the statutory notice was not effective until it was served on the ESA
director – given the clear language in the ESA – and that employees
were therefore entitled to an additional 12 days pay in lieu of notice.
The employees also argued that CTS should not be given credit
for the weeks of working notice where they worked overtime
hours, whether by consent or not, in excess of the allowances in
the ESA. CTS had ramped up production prior to the plant clo-sure
to stockpile parts. This resulted in many employees working
more than the permissible 48 hours a week. The Court of Appeal
upheld the conclusion that the primary objective of reasonable
notice is to provide the dismissed employee with an opportunity
to obtain alternate employment. Exceptional workplace demands
that negatively affect an employee’s ability to seek alternate work
may disentitle an employer to credit for the working notice period.
Given that employees cannot contract out of their statutory
entitlements, an employee’s agreement to work overtime in viola-tion
of the ESA cannot be viewed as consensual. Employees were
entitled to additional pay in lieu of notice for any weeks that they
worked more than 48 hours regardless of whether they agreed to
work the extra time. If CTS had obtained written agreement with
employees under section 17.1 of the ESA, and the agreement was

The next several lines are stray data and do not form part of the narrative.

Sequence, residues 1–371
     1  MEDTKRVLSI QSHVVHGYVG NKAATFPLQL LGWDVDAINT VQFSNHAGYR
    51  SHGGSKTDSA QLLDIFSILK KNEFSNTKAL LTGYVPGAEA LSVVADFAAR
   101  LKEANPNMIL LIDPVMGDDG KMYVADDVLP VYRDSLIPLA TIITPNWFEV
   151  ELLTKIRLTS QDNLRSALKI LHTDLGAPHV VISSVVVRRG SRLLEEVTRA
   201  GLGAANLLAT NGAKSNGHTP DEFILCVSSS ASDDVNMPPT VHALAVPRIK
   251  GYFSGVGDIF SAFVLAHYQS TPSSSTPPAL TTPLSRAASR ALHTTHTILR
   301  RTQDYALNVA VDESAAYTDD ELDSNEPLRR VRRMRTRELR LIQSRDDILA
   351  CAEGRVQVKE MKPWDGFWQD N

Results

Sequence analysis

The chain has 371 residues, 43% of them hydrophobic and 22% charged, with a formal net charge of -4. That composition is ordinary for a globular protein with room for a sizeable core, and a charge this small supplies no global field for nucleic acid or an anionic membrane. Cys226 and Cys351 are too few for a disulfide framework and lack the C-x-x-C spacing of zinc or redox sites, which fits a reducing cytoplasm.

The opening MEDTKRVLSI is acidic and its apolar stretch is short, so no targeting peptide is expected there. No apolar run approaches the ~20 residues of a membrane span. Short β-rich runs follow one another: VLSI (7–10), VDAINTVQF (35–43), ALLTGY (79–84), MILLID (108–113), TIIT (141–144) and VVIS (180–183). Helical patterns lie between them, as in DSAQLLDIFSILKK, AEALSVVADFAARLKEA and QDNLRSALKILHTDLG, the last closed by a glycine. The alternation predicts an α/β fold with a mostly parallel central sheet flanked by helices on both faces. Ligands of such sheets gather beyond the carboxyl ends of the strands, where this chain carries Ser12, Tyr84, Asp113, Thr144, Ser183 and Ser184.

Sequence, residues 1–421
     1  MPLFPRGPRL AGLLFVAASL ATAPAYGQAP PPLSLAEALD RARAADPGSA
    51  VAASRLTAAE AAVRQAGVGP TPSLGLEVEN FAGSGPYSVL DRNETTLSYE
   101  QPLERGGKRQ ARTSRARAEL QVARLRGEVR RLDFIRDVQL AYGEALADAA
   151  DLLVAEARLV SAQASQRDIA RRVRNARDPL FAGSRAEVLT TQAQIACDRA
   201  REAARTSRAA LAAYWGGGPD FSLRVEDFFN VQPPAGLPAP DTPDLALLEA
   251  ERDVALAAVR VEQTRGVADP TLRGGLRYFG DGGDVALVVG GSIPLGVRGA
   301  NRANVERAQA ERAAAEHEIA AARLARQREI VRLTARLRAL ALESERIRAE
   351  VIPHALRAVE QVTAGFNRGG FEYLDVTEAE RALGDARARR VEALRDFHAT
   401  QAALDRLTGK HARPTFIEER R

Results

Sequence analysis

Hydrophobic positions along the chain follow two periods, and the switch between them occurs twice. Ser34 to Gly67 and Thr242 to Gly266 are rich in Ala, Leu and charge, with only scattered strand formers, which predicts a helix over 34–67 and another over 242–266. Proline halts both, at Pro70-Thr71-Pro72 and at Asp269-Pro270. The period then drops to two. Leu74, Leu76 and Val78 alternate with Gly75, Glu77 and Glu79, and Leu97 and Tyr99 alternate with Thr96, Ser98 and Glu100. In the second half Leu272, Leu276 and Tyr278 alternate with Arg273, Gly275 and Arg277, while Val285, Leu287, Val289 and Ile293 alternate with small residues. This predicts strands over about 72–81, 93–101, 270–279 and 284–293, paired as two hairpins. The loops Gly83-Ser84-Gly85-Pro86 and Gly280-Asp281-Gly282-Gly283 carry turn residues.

approved in course by the ESA director, the Court indicated that
the result would have been different.
The Court of Appeal also upheld the determination that
employees who were offered temporary work more than 13 weeks
after the initial termination date did not receive proper notice.
Notice must be clear, unambiguous and include a final termina-tion
date in order to be valid. Although CTS had provided the few
remaining employees with various letters extending their notice
period, it was unclear until the very last letter what the actual
termination date would be. As a result, all of the common law
working notice, except for the six weeks provided for in the last
letter, was invalidated.
The principles in this case demonstrate that employers must be
certain that they are providing employees with “reasonable” notice.
In the context of working notice, reasonable means, among other
things, that employees must be afforded an opportunity to find
alternate employment. Employers cannot require employees to
work overtime hours in excess of what is permitted under the ESA
and expect to meet the definition of reasonable. Furthermore,
employers must be very careful when crafting working notice. The
statutory obligations imposed can have significant consequences if
they are not followed, including the employer not receiving credit
for any of the working notice provided. n
Erin Porter is a partner at Fasken.
WHEN BETWEEN 50 AND 200 EMPLOYEES ARE TERMINATED WITHIN A
FOUR-WEEK PERIOD, THE EMPLOYER MUST PROVIDE EIGHT WEEKS’ NOTICE.
12 ❚ FEBRUARY 2019 ❚ HR PROFESSIONAL